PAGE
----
Russia Opposes New UN Sanctions Over Iran Missile Tests

ranian clergymen watch a Shahab-3 long-range ballistic missile fird by Iran's Revolutionary Guards in the desert outside the holy city of Qom, 02 November 2006.

UNITED NATIONS (Reuters) – Russia, which has veto power in the United Nations Security Council, said on Monday Iran should not face new council sanctions over recent ballistic missile tests as the tests did not violate a U.N. resolution.

The tests last week drew international concern and prompted a meeting on Monday of the 15-nation Security Council. U.S. Ambassador to the United Nations Samantha Power called the tests “provocative and destabilising.”

When asked if Iran should face new sanctions, Russia’s U.N. Ambassador Vitaly Churkin said: “The clear and short answer is no.”

Speaking to reporters ahead of the closed-door meeting, Israeli Ambassador Danny Danon urged council members to take new “punitive measures” against Tehran over the launches, which he said were a direct threat against Israel.

“We cannot and we will not bury our heads in the sand in the hope that the Ayatollahs act responsibly,” said Danon, whose country has been a strong critic of the nuclear deal between Iran and major powers last year that relaxed most international sanctions against Tehran in return for curbs on Iran’s nuclear programme.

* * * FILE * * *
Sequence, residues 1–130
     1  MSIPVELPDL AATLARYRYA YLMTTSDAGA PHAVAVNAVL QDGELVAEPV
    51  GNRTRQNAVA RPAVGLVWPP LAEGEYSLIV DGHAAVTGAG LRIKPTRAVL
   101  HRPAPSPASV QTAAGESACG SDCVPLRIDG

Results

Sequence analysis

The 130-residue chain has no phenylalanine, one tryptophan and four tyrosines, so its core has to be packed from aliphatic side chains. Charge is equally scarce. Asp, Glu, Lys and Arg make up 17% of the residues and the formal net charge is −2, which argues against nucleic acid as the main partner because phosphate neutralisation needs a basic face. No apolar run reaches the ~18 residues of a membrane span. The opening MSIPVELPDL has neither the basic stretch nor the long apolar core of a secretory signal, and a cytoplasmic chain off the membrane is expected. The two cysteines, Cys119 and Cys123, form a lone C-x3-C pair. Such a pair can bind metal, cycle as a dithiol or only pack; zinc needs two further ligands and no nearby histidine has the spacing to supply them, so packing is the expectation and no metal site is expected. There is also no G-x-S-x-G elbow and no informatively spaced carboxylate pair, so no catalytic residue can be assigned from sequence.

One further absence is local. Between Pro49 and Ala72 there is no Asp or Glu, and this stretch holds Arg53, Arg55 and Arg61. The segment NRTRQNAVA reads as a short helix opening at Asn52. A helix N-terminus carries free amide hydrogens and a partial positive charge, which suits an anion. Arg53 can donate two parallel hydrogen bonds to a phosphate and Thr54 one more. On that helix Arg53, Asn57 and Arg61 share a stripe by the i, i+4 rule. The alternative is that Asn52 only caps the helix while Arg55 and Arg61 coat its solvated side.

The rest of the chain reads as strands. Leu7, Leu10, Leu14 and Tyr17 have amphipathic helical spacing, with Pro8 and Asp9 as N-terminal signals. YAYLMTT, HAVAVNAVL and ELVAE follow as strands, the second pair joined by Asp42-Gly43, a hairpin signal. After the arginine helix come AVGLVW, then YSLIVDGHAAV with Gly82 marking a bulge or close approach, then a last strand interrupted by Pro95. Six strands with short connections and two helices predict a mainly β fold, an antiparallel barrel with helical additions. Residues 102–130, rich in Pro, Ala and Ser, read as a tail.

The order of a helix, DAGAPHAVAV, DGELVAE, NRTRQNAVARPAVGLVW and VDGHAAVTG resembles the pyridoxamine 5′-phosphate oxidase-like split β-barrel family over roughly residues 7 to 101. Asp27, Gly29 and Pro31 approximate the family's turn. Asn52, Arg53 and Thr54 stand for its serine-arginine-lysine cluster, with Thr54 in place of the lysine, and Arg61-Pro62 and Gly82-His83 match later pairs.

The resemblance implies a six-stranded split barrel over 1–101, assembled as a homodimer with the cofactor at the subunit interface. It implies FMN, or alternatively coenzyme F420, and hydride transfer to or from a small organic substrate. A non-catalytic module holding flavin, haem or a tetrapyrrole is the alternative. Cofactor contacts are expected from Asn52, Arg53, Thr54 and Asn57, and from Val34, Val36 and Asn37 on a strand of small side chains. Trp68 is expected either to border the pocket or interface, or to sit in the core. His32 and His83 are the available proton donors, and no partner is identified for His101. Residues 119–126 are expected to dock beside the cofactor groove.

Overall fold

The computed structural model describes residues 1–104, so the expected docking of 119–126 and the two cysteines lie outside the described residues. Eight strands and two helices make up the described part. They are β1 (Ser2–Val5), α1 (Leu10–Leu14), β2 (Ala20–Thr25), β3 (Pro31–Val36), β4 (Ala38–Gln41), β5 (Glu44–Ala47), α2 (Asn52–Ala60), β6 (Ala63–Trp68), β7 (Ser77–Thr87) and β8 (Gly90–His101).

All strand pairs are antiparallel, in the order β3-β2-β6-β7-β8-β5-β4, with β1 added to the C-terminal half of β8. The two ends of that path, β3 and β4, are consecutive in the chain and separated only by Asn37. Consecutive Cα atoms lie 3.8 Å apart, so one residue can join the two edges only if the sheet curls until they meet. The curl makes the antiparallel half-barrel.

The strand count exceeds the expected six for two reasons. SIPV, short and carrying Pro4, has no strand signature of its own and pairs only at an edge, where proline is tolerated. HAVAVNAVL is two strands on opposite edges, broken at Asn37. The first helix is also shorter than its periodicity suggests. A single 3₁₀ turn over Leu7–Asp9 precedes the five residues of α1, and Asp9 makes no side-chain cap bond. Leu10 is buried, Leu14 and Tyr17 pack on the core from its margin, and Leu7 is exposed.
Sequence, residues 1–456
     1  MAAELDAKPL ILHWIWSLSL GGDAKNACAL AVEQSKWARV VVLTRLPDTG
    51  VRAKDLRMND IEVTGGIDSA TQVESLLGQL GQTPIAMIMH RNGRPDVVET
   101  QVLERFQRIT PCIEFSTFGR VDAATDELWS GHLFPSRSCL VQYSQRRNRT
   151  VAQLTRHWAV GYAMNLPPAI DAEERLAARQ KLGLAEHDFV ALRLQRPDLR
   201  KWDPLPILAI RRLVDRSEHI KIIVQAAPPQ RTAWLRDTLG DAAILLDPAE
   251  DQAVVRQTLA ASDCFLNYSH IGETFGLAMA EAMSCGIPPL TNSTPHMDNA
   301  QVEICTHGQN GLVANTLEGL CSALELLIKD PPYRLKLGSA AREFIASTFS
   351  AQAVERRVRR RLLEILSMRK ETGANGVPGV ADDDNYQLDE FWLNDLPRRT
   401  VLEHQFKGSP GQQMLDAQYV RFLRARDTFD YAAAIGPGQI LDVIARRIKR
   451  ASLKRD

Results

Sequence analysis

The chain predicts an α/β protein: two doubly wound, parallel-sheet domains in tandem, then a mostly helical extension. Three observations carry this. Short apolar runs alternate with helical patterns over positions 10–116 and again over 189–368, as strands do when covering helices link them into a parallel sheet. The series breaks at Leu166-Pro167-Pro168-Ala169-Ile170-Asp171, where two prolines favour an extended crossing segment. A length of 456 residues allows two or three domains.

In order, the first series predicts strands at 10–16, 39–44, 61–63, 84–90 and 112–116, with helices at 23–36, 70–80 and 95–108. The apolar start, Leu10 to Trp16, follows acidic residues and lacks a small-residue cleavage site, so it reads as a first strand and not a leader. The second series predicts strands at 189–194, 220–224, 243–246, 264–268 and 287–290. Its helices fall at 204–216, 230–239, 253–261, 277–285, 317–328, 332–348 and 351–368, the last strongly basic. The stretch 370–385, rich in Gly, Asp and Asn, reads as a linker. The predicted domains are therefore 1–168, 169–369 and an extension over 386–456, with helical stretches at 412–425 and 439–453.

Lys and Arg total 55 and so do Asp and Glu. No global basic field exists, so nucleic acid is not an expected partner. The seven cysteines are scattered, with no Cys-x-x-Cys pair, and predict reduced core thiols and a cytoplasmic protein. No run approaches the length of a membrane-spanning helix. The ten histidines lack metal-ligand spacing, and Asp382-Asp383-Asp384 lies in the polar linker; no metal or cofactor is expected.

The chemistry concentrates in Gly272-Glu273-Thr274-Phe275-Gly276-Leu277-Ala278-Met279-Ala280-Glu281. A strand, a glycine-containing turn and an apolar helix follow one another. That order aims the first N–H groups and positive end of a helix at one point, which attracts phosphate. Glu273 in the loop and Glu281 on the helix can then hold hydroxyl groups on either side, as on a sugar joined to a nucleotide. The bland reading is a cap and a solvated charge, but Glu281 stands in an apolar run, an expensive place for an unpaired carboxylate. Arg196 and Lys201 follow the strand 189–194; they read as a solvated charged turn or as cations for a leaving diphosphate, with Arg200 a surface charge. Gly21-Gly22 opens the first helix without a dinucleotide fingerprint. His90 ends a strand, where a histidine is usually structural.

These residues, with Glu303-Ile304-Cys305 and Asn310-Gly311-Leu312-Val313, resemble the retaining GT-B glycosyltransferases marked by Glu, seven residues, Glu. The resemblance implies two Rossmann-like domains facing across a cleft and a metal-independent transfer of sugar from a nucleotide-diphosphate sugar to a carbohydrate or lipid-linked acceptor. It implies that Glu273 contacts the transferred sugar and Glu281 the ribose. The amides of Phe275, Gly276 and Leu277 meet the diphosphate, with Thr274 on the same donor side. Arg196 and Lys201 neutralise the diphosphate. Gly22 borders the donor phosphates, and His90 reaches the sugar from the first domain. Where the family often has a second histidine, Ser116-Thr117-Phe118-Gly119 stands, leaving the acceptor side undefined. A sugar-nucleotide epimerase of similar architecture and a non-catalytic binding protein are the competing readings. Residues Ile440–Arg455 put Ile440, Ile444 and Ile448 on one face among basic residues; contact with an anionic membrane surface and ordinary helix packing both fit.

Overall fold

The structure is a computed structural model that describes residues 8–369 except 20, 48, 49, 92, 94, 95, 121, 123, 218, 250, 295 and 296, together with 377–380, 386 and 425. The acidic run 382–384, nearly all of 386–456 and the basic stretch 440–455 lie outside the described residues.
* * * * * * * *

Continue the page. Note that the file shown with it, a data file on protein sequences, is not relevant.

Washington imposed sanctions on 11 companies and individuals for supplying Iran’s ballistic missile programme after a series of tests last year, and U.S. Secretary of State John Kerry said the latest tests were a clear violation of U.N. resolution 2231.

Washington has said the tests did not violate the nuclear deal, but a separate part of resolution 2231, which was adopted in July.

Over the weekend France said the European Union could impose its own sanctions on Iran because of the missile tests.

“We are in a case of non-compliance with (resolution) 2231,” French U.N. Ambassador Francois Delattre told reporters on the way into the council meeting.

The meeting, convened at the request of Washington, was unlikely to result in any council action. Most international sanctions against Iran were lifted in January, although limited restrictions on Tehran’s missile programme and a U.N. arms embargo remain in place.

China, like Russia, has a veto on the council and can block any punitive action against Tehran. Chinese Ambassador Liu Jieyi did not address the issue of sanctions directly.

“It is for the council to decide,” he told Reuters. “The most important thing is to carry out the nuclear agreement, that’s the most important thing.”

British Ambassador Matthew Rycroft made clear London shares the view that Iran’s launches of ballistic missiles that appear capable of delivering nuclear warheads were “in blatant disregard of resolution 2231.”

Resolution 2231 “calls upon” Iran to refrain from certain ballistic missile activity. Western nations see that as a clear ban, though council diplomats say Russia, China and several other council members agree with Iran’s view that this is merely an appeal to Tehran to voluntarily refrain from missile work.

Iran has also said that none of its missiles are designed to carry nuclear weapons.